There's a resurrection of sorts going on in Jacksonville's Arlington district. If all goes as planned, it's going to be an epic comeback. A century ago, Jacksonville reigned as the nation's "Winter Film Capital of the World," producing scores of silent films and hosting all the major studios and famous names of the day. Frigid temperatures of New York and Chicago, where the nation's film business originated, damaged film stock and dismayed starlets. And Northeast Florida's mild climate and diverse topography beckoned.
Today, a rare remnant of the River City's-and the nation's- cinematic history remains. Richard Norman's five-building silent film studio complex still stands despite decades of disrepair. Not for long. Within the next few months, a $685,000, first-phase restoration project will wrap. When the dust settles, locals will get the first real glimpse of both the past and the future of the historic site, thanks to a group of ardent preservationists who recognized a treasure that would become the Norman Studios Silent Film Museum.
The complex began as a one-building cigar factory that went out of business and was bought in 1916 by the Eagle Film City, a silent film production company that quickly added four new buildings. The wood-frame structures took just four weeks to complete and housed a full developing and processing facility, an outdoor stage and a pool for filming water scenes.
At the time, the film industry was booming in Jacksonville. Then came World War I, which nearly decimated the local industry, leaving just three studios producing films following the war. Eagle Film City declared bankruptcy and, in 1922, Richard Norman bought the property. Between 1920 and 1928 Norman, who was born in nearby Middleburg and had traveled throughout the Midwest making films for several years, produced six feature-length silent films and scores of shorts. His films, along with those of race film pioneers like Oscar Micheaux and the Lincoln Motion Picture Co., bucked the mainstream system by featuring black actors in positive, non-stereotypical roles that stood in stark contrast to the derogatory depictions of African Americans of the day.
"My father was disheartened about the state of race relations at the time, both in real life and in the movies," says Capt. Richard Norman, Jr., who makes the monthly trek from his Tallahassee home to Jacksonville to assist in the preservation efforts. "And he saw an untapped market. So, he set out to help give the black community a stronger place on film, behind the cameras and in the theatres."
The Curtain Falls
Norman took a financial blow by investing thousands into developing "talking movie equipment." He invented a system that synched audio with the moving pictures. He even sold a number of units to theatres across the nation. Unfortunately for Norman, a sound-on-film system soon would debut, making his own invention obsolete.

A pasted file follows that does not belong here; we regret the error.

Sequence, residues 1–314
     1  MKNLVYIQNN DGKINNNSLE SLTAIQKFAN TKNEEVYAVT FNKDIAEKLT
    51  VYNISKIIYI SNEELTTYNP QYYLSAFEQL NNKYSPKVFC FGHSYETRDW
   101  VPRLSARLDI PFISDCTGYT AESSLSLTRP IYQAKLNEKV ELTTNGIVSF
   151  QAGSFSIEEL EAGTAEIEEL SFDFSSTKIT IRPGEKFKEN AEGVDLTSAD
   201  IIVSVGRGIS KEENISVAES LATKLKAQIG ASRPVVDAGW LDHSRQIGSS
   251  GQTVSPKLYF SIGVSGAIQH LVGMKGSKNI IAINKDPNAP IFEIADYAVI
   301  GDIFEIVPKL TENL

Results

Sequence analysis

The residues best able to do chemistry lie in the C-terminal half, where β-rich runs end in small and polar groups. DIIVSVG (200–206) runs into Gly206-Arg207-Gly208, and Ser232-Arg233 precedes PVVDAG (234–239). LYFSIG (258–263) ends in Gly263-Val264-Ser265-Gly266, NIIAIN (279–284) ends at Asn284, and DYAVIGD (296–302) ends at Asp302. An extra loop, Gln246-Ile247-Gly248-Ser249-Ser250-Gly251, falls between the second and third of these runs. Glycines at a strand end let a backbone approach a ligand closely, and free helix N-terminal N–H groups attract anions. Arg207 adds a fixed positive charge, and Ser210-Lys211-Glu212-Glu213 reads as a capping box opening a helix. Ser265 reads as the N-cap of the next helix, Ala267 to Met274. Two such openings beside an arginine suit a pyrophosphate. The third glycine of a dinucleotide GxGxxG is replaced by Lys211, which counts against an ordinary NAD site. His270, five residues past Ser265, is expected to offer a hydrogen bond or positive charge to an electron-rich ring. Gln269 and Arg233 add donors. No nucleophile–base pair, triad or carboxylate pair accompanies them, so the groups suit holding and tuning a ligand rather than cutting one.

Local filmmakers had taken another major hit with the 1917 election of Mayor John W. Martin, whose campaign platform took aim at the hooliganism of the industry. Car chases through the streets and bar and brothel scenes shot on Sundays did not set well with the mostly conservative townsfolk. One mob scene that featured actors wielding rubber bats spiraled out of control when random passersby mistook the action for a real-life riot and joined in. No one was sure who was acting and who was just acting out. Chaos ensued.
Meanwhile, southern California had been working hard to lure the industry westward and soon emerged as the the major movie production center, due in large part to the move of film pioneers like William Selig and D.W. Griffith to the area. Jacksonville's day as a top filmmaking hub was done.
Staging a Comeback
Fast-forward nearly a century, when an impassioned plea by local preservationists would finally be heard. In 2002, members of civil organization Old Arlington, Inc. and others, including then-City Councilman Lake Ray, convinced Jacksonville officials to buy property holding four of Norman's five buildings for $260,000. A related group soon would form the Norman Studios Silent Film Museum, Inc., a nonprofit organization working to restore and reopen the complex. Grant funding for the first phase was raised and workers broke ground mid-2007 to repair structural damage and restore the exteriors of the four city-owned buildings.
Next up is a major fundraising effort to purchase the fifth building, which featured an outdoor stage and currently is owned by Circle of Faith Ministries, and to restore the interiors of the five city-owned structures. These structures include the main production/processing building where Norman developed and screened his films, a small cottage where actors changed costumes, a storage shed, and a tiny building that still houses the original generators used to power Norman's cameras and lights.
Organizers aim to reopen the complex as a silent film museum and community center offering a venue for screenings of independent projects by up-and-coming filmmakers and industry-related workshops. A goal close to the hearts of Norman's descendants is the development of a summer camp designed to teach economically disadvantaged children about film career choices. It's a goal that mirrors the late filmmaker's efforts to open the filmmaking experience to all peoples.
"A whole new generation of young filmmakers stands to benefit from the efforts of the Norman Studios Silent Film Museum," says Capt. Norman. "My father would be proud."